With all that is negative about this title though, you will still find a resulting positive characteristic to pick up the slack. The sound detail is excellent, the guns each have a very distinct and powerful punch, the voice acting never once pulled me out of the story and though the graphics are not on par with Crysis, they scale very well while looking up to date, and that gets a thumbs up from me. All in all I would be able to recommend this game with the understanding that it will be short (3.5 hours on normal for me) and you should treat it more like an interactive movie.

 Story mode aside I am still getting the hand of the multiplayer, I will let you know what I think!

Thursday, October 14, 2010

Medal of Honor Review (PC): Part 1

  It's been 3 years since the last release from EA concerning their potentially greatest historical FPS, Medal of Honor. For 3 years I have been awaiting the arrival of the next chapter in the series and looking forward to some new, but old, World War throw down with the Germans. To be completely honest I was hoping that EA would learn from their mistakes and use Airborne as a step to reach a more polished game, but alas this is not true.

  Watching me during the summer is like watching a junkie without his fix. I don't know why, but publishers see fit to make people like me squirm during the summer, with no new games and only old multiplayer modes to keep me busy, it's easily the slowest period in PC game production. So when I caught wind of a new multiplayer Medal of Honor closed beta being released I did everything in my power (which includes removing my credit card from my wallet and typing in the numbers) to pre-purchase the new release in order to gain access to the beta. In doing so I was given the mighty access key so that I may partake in their closed beta, what a let down that was. The beta wasn't bad at all for a beta, it was the people playing it that annoyed me, anyway I digress, this is about the finished product, not the beta.

  Work has been pretty slow for me, so when Wednesday rolled around (10-12-2010) I rolled straight out of bed and hopped onto Steam. After a grueling 2 hours of downloading and installing I was granted access. I closed my office door, turned up my new speakers, set the DPI on my mouse and got ready to fight the new exotic Taliban instead of my old familiar German foe. The high mountains of Afghanistan are a welcome change to the farmlands and cities of classic Europe,  high snow covered peaks and drastic changes in elevation set the mood and old wooden shacks and shepherds replaced the cobbled streets of France. Admittedly, this game has a very strong cinematic feel, multiple times during certain action scenes I remember getting that hair raising feeling when being strongly outnumbered or finding yourself in a no win position, but that's where this game starts to reach its limits. Just like a Saturday morning cartoon, I always end up having the upper hand, some how.

 That's it for today, I'm currently writing as I am playing, so stay tuned for more!

Sunday, October 10, 2010

Treasure Hunt

 My wife and I, especially my wife, enjoy Fall more that any other season. The vibrant colors of the maple and oak trees, the smell of damp earth, the cold nip at your cheeks and the beautiful fields of corn and pumpkin, it brings out my spirit for adventure. Now since we need some Fall decorating material for our house, we decided to go for a drive out to a pumpkin patch and grab a hay bail and some gourds. The pumpkin patch was great, full of pumpkin cannons that shoot a half a mile and neat animals, this was a great part of the day, but not the best.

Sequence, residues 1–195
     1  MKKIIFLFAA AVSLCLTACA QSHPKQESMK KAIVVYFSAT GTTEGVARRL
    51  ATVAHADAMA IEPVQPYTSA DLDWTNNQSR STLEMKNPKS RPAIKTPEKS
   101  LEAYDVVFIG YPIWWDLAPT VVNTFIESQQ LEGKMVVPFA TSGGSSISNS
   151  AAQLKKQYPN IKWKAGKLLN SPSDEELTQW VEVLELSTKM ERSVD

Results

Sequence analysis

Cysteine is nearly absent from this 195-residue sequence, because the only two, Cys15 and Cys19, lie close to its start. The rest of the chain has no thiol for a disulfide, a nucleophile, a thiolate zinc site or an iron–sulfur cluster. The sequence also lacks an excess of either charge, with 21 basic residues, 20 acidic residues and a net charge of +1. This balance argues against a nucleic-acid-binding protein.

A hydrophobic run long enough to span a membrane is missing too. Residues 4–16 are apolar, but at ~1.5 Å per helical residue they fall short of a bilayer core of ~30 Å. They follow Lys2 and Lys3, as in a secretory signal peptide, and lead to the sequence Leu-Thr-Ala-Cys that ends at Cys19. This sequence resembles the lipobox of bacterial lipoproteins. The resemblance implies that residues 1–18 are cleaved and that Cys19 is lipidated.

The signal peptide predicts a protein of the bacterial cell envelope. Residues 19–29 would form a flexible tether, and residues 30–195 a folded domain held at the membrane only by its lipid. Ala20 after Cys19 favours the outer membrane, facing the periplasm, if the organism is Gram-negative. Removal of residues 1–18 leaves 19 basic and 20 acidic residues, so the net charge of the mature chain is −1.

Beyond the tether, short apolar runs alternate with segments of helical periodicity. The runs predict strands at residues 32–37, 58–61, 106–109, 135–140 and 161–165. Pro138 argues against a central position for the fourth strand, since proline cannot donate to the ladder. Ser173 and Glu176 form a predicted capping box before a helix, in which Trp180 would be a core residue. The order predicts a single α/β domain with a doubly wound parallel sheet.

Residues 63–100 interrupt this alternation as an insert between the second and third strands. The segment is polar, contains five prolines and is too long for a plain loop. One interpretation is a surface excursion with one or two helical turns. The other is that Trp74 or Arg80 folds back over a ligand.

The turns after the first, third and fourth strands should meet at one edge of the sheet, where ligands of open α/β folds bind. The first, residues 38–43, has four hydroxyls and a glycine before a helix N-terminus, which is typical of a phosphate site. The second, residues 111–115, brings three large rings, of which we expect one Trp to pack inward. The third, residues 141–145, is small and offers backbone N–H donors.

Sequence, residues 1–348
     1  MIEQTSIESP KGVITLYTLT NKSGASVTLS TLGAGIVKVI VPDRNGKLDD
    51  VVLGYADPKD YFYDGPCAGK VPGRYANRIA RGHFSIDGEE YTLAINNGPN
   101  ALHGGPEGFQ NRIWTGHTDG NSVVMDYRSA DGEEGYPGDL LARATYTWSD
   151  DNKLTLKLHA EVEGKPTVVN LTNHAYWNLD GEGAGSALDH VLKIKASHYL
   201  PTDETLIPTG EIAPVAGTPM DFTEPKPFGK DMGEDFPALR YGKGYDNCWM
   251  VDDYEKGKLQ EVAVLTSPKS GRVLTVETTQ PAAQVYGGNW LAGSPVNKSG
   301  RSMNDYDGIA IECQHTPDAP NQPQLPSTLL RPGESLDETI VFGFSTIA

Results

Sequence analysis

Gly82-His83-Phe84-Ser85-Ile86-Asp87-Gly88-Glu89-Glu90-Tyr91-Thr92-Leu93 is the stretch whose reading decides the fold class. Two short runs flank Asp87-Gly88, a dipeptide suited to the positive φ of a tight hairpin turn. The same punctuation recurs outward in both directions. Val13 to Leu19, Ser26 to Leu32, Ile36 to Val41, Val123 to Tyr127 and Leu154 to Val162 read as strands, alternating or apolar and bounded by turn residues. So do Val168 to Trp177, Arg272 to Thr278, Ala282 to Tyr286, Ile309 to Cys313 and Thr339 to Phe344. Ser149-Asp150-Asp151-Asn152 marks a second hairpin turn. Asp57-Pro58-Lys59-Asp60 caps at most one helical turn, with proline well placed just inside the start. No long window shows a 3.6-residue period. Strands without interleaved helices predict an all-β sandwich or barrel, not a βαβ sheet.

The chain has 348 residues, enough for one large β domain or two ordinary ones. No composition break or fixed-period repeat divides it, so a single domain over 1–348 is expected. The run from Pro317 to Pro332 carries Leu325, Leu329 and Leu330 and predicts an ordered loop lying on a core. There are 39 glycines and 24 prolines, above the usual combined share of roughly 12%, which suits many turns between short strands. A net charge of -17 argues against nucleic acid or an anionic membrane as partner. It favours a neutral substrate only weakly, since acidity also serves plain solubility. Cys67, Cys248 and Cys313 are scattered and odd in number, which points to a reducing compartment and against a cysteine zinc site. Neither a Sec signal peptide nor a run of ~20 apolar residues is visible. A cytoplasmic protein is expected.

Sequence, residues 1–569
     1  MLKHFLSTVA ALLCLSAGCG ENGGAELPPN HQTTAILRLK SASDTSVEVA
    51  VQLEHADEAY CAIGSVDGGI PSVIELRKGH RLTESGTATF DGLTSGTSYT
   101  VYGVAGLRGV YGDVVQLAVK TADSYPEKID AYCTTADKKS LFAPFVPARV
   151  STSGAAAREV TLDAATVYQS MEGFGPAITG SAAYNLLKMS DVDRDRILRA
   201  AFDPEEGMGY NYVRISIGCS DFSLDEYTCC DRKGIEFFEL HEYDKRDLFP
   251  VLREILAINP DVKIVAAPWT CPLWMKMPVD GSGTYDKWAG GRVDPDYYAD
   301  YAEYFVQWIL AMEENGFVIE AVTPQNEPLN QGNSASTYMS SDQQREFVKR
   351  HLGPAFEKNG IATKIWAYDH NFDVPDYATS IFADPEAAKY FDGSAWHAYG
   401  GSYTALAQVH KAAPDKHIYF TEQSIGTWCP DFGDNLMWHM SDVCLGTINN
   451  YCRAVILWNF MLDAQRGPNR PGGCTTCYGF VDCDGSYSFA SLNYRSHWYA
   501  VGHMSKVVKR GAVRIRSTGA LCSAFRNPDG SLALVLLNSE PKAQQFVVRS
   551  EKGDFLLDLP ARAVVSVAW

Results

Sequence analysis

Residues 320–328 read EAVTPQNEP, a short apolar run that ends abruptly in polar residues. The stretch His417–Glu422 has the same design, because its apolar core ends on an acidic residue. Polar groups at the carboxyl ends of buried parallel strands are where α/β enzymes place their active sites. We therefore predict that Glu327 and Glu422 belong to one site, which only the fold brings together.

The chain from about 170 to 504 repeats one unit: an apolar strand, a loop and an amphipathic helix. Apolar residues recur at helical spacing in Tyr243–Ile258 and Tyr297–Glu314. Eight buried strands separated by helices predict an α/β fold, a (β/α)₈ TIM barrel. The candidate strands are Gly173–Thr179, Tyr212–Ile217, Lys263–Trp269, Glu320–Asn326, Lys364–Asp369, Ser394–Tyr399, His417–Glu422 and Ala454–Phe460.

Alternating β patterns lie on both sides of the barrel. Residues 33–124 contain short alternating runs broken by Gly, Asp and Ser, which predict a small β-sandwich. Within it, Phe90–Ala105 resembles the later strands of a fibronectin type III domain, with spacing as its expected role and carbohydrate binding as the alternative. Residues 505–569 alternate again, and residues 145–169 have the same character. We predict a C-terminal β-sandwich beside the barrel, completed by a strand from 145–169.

As we were pulling out onto the old road to home, the adventures spirit struck me. To my wife's delight I decided to turn towards the mountains and not back home, off we went on a journey through old gravel roads and up through the forests. Since I can remember I have always wanted to live up in this area, it's so quite and alone, dependent on no one. It took me 5 years but I finally convinced my wife to succumb to my dream of acreage and today was no better time to look for property!

We explored a lot of cool things while looking for a house, an old cemetery founded in 1840, an iconic small-town white church (bell included) in the middle of nowhere, great views of sprawling metro areas in the distance, a lot of cool things. While we were cruising down an old gravel road we came upon a sign, "Estate Sale: Today Only", who the hell passes up an estate sale in the middle of nowhere?! Speeding down the old un-kept road we drove for 10 minutes when the tall trees began opening up onto an old, but taken care of house. The house was full of people, "garage sale people", you know, the people that find these sales like geese find the south, some how. My wife and I poked around up stairs and downstairs finding nothing but old lady things, I then stumbled upon a mix match of old computer items and speakers. That's where I saw them, NEW SPEAKERS! They weren't to shabby either, they were Logitech X-230s, surely the old bats running the sale would want $500.00 for them. I began searching around the gently used speakers for a price sticker and, and, only 15 bucks, what? Thats right, this once $200.00 speaker set was only $15.00. I was skeptical so I plugged them into my phone and they burst forth with beautiful ear candy, they sounded like champs.

 After our adventure we sped home, had a glorious meal of grilled roast beast sandwiches, jellied cranberries, potato soup, hot fresh apple cider and pumpkin pie. And now here I am, listening to the meaty guitar of 10,000 Days and happily slapping away at my keyboard with a full belly. That's a day worth writing about.

Saturday, October 9, 2010

Stupid Phrases

This is a short list of phrases or words that when I am king of the world, if used, will result in a public flogging. They will call it "Flogging Friday". Now, I know some of these may be petty, but when I hear them it completely distracts me. I start to repeat the word or phrase in my head and try to make sense of it instead of listening to my conversing partner, very counter productive.

Here they are:

"A.T.M. Machine"
Also known as the Automated Teller Machine, machine.

"I could care less"
This wouldn't be bad if it was used in proper context, but it's not. This phrase is used most often to imply that one could not give a shit, when in fact, they are saying that they very much do give a shit.

This is a real word, but it confuses me. "Ir" makes the word a negative too regard, but "ir" also implies the same as "less", so are we not regarding what we wouldn't regard?

"Ya know what I mean"
Often used as a statement and not as a question, ya know what I mean? Besides being an over used phrase it also demands as much respect as "Git'r done!".

"Hot water heater"
I'm a plumber, I hear this a lot, please stop it. Let me explain the insanity of this phrase with a simple question; why do we need a device to heat hot water?

"Don't look at me in that tone of voice"
Uh, what?

"Touch base"
Fortunately I don't have the pleasure of hearing this one that often, but when I do, I have flash backs to Office Space. Myredstaplar.

That's all for now, but there will probably be more to come.